Iceland is a veritable mix of fascinating geological activity. Nicknamed the Land of Fire and Ice, the landscape is largely a plateau of lava fields, interspersed with the odd volcano, river or waterfall, all with the potent smell of sulphur lingering in the air. It’s also a country with two very disparate seasons. In the winter you’re lucky to get five hours of daylight, whereas in the summer there’s effectively 24 hours of sunshine, leading to the natural phenomenon of a midnight sun.

With a strong Nordic identity, this unique country is largely explorable via its coastline. Although the mostly uninhabited interior can be penetrated by guided tours during the summer months when, like a giant causeway, the snow and ice recedes to allow access to this mountainous and otherworldly region.


Given that the only flights to Iceland from the UK land in Keflavik, which is close by to Reykjavik, it’s more than likely that the world’s northernmost capital city will be on every traveller’s list of places to see. Reykjavik also doubles up as a base for further exploration, with tours of the Golden Circle (a 300km loop into central Iceland and back) and to the Blue Lagoon Geothermal Spa running throughout the week.

Things to do: The Lutheran Hallgrímskirkja church resembles the basalt lava flows of Iceland’s landscape and is a focal point of the city. The Perlan is another landmark building, boasting a viewing deck where, on a clear day, you can see across the tops of Icelandic houses to the dramatic Mt Esja.

Going out: At times it may not seem like there’s much of a nighttime buzz, but don’t be fooled – Reykjavik-ians are known for turning up late to venues, with weekend nights out often not getting started until gone midnight. The vibrant Bakkus is a favourite among hipsters, while B5 boasts a great wine list.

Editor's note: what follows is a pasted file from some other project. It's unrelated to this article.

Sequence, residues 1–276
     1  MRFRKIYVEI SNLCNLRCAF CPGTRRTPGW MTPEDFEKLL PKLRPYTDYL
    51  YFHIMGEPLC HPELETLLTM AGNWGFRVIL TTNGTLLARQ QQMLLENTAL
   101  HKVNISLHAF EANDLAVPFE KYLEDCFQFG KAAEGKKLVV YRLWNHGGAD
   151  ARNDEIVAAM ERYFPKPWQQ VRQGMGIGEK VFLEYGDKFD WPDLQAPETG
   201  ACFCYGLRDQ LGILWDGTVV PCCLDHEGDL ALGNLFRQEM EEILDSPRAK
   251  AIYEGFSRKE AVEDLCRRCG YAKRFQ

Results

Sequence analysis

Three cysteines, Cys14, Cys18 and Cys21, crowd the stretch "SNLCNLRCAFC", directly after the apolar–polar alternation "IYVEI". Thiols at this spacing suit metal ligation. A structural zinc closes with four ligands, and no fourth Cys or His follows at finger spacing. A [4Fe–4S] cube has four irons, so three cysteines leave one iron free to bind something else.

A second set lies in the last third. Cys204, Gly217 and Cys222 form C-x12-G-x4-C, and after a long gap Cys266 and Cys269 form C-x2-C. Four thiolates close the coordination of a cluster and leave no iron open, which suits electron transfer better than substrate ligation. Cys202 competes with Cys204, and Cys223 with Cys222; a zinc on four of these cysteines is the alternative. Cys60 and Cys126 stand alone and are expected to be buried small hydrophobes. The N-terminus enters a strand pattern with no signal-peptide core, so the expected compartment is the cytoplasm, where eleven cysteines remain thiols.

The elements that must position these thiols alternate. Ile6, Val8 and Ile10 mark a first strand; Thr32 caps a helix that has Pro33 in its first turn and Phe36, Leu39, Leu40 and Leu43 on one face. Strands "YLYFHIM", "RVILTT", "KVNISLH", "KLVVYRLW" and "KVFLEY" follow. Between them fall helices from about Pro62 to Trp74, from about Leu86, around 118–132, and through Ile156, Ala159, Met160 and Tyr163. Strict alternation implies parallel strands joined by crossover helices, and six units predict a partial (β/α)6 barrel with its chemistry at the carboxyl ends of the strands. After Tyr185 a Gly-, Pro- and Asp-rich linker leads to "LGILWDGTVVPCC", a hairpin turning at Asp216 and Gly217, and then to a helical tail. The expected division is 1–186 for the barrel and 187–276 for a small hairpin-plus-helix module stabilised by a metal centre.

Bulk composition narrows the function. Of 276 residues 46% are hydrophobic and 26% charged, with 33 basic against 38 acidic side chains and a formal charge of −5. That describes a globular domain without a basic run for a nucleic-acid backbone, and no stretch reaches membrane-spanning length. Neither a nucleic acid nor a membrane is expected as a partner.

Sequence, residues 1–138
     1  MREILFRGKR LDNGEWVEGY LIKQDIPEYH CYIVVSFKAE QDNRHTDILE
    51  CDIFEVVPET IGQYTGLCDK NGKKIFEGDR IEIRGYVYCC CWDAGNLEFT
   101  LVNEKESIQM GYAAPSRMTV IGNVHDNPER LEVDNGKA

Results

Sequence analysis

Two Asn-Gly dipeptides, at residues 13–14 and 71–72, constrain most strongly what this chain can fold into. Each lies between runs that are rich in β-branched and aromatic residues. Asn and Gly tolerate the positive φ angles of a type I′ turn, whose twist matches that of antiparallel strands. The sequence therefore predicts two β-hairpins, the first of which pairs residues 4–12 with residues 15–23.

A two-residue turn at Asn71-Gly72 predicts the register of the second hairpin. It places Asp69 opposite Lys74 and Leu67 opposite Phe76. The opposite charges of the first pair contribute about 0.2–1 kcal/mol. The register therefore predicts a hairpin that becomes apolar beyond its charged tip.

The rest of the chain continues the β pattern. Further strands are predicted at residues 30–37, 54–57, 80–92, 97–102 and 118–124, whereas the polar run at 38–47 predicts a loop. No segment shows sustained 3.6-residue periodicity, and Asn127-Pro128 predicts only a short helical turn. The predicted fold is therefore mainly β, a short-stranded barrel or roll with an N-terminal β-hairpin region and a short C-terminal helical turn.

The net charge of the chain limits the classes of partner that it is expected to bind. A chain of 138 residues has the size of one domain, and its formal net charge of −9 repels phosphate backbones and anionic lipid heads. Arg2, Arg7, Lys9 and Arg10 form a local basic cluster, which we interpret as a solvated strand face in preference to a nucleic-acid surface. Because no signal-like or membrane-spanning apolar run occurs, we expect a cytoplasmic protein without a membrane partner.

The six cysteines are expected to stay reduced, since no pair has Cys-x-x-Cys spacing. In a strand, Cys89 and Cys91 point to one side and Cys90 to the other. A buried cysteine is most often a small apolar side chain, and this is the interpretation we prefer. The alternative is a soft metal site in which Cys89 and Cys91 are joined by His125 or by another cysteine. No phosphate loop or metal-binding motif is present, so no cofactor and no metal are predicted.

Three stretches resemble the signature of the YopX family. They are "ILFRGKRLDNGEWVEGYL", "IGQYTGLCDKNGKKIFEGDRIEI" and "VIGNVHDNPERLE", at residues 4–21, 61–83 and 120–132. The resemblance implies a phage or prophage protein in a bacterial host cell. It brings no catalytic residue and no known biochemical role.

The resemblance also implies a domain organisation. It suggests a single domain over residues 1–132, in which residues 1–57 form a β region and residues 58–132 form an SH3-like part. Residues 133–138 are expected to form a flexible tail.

Where to stay: Hip and trendy, and with a covetable location in downtown Reykjavik, the KEX hostel has base rates of £15 for a single bed in a 10-person dorm.


The main dwelling for those living in the north-west, Ísafjörður is home to a university as well as a bevy of sports and music festivals. The remote nature reserve of the Hornstrandir peninsula is also accessible by boat during the summer months.

Things to do: People often make the trek up solely to explore the Westfjords region. Being on the tip of the Arctic wilderness, the fjords could seem rather isolating if not for the teeming wildlife, from arctic foxes to whales.

Going out: Edinborg dishes up a selection of hearty meals during the day, but it’s also the place to head to in the evenings for a drink.

Where to stay: Gentle Space Guest Apartments provides living space for up to five people, with balcony views across the mountains from £115 per night.

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Taking the title of Iceland’s second capital, Akureyri sits nestled in the roof of the country, accessible via internal flights from Keflavik. As well as an important fishing region, the city is also an excellent base from which to explore nearby Lake Mývatnand and Jökulsárgljúfur National Park.